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Sunday, February 7, 2016
Healthy Mouth, Healthy Kids
Missing and misshapen teeth with CP
My granddaughter was born with Hypoxic Ischemic Encephalopathy and we had quite a scare and thought we would lose her. She had ischemic strokes all over her brain including 2 vascular distributions and pituitary. She was not supposed to make it but surprised all and did very well. She tests a little above normal cognitively but has cerebral palsy and gets around quite well on her own with AFO`s. She is uncooperative as far as panoramic or dental x-rays. She is 4 years old now and 2 different dentists just want to wait. She has 2 upper front teeth, 2 lower front teeth, and 2 way in the back on the top. She has a small mouth and hard to see but the top 2 teeth for wure are mishapen. She drools a lot at times and just recently got another tooth. My questions is trying to understand why with CP the teeth are mishapen or missing, and is it possible more teeth could be there and slow coming because of CP. A CT scan of her brain at birth you can see what the dentist called normal looking and complete set of adult tooth buds. I am confused how the mishapen and missing teeth happens with her illness at birth and CP. I am also nervous if we should keep waiting and something could be there but not coming in right. Thank you. Worried grandma.
Thank you for a very thoughtful question, with a good amount of background information - I will try to be as concise as possible.
Cerebral palsy affects approximately 300,000 children in the US. The major cause is some form of injury to the motor (movement) portion of the brain at or around the time of birth. The most common dental findings in children with cerebral palsy may include:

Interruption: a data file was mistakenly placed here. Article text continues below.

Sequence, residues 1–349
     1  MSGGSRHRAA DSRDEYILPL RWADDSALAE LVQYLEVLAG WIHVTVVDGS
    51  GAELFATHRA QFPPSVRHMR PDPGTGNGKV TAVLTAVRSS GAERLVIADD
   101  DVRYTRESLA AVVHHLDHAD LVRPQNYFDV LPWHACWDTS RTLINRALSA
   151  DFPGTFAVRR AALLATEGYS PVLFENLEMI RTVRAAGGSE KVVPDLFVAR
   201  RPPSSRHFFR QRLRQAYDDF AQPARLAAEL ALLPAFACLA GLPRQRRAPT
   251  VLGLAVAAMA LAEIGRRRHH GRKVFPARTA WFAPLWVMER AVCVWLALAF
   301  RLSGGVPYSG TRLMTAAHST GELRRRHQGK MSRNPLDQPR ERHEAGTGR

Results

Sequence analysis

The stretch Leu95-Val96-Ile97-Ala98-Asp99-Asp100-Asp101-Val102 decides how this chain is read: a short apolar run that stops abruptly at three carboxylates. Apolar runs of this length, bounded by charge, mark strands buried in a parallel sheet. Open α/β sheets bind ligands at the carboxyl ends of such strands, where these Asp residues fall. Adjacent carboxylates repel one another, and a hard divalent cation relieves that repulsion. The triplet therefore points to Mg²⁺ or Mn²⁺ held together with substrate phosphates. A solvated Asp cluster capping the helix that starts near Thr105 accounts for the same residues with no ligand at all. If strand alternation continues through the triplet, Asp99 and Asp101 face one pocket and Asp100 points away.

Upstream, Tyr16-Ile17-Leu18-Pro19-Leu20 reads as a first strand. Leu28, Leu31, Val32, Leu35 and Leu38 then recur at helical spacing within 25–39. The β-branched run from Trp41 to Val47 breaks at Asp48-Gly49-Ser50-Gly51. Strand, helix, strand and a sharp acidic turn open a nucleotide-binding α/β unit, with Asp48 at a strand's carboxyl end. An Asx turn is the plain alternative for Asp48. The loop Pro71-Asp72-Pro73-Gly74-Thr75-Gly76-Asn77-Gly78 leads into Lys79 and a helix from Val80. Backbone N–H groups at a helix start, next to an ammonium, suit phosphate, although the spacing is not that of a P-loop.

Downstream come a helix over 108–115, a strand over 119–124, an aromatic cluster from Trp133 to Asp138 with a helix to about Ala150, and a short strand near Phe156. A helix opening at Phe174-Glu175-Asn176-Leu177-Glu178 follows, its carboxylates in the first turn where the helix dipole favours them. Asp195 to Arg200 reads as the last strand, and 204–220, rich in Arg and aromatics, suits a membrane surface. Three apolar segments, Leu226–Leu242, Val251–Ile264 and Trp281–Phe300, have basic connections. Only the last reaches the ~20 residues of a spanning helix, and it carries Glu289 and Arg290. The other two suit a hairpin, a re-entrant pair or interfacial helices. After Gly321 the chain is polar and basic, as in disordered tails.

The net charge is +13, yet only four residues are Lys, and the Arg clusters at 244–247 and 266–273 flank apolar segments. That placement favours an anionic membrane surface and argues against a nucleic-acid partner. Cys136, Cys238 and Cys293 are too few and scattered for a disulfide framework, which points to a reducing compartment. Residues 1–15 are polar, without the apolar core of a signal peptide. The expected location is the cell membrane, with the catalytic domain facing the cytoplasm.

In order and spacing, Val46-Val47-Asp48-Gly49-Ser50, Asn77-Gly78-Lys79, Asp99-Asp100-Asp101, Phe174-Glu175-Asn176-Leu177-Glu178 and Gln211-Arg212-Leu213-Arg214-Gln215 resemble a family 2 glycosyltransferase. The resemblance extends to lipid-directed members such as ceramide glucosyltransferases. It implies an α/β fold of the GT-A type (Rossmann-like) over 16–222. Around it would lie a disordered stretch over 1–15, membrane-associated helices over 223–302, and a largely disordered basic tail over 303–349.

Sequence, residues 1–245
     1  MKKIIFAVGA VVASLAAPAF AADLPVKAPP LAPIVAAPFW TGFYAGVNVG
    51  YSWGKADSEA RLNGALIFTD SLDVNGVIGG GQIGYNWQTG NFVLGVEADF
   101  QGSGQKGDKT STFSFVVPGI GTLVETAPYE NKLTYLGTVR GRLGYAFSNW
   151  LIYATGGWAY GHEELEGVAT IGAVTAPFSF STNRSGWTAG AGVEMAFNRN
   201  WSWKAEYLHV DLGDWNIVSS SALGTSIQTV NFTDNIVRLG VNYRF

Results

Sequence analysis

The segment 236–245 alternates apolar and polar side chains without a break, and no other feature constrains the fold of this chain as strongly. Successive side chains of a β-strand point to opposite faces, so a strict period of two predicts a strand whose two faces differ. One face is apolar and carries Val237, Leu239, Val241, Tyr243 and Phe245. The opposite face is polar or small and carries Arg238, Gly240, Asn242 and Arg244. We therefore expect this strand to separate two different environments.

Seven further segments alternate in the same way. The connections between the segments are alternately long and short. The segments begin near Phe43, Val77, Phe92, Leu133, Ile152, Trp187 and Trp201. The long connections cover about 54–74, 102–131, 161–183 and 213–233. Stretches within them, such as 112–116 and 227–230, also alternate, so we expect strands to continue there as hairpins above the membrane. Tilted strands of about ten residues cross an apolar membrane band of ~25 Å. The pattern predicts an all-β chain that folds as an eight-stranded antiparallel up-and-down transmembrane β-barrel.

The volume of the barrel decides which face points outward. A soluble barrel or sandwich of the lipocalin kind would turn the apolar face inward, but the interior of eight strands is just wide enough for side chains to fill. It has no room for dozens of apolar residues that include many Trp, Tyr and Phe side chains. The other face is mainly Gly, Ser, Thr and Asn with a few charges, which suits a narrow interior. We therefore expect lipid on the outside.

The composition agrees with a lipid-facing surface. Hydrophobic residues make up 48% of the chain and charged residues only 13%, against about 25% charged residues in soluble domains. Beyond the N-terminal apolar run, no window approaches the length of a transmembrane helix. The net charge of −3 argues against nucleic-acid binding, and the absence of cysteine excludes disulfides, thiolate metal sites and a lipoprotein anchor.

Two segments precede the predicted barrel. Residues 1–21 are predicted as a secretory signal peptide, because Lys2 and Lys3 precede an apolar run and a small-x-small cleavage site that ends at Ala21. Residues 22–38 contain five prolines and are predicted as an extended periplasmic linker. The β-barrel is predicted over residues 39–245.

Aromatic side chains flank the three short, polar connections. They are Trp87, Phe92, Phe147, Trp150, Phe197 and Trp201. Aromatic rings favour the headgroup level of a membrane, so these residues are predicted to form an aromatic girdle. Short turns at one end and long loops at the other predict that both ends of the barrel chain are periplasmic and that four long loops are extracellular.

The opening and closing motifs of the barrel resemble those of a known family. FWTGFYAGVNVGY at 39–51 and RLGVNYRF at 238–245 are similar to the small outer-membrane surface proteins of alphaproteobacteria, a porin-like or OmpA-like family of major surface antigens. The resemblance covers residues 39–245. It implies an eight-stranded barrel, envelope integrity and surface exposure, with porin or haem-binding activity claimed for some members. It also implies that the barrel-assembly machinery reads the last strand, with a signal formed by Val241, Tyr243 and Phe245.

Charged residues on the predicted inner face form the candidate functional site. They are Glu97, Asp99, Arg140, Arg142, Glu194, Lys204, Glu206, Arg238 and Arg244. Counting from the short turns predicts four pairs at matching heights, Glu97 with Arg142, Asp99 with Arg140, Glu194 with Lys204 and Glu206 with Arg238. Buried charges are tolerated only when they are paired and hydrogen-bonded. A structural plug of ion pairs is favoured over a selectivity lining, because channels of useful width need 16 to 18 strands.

- erosion of the enamel (often seen with acid reflux)
- poor gum health
- a high palate with a narrow upper jaw which can result in teeth coming together in a less than ideal manner
- an increased gag reflex
- grinding of teeth
- drooling (which I will discuss later)
- and disruptions in getting/losing teeth
Anytime there is an injury to the brain in a child, growth may be affected, and in many cases of cerebral palsy, teeth will be delayed coming in. Likewise, baby teeth may be delayed in being replaced by grownup teeth. Dental development is just one aspect of overall growth and development.
From your description of what teeth she has, your granddaughter may have a dental age (what teeth she has in) that is lower than her chronologic age of 4. Drooling has been shown to be more common in children with baby teeth than grownup ones, with reports as high as 75% for children with baby teeth. The misshapen teeth can be a result of the injury during the time of her birth - the teeth developing during that period of time were most prominently affected.
With respect to you concerns - let me tell you that what you are doing is on the right course! You are getting your granddaughter regularly examined by a dentist, and they are following her dental development. Let's assume for the sake of argument that some teeth are missing. This is not something that can be directly treated at this moment in a 4 year old. Having her regularly examined and having her existing teeth cleaned routinely are important parts of establishing a "Dental Home," somewhere where a qualified professional can attend to the dental development of your granddaughter and time any intervention or referrals appropriately.
I hope this addresses your questions/concerns. Thank you.
Sarath Thikkurissy, DDS, MS
Director, Residency Program, Division of Pediatric Dentistry and Orthodontics
College of Medicine
University of Cincinnati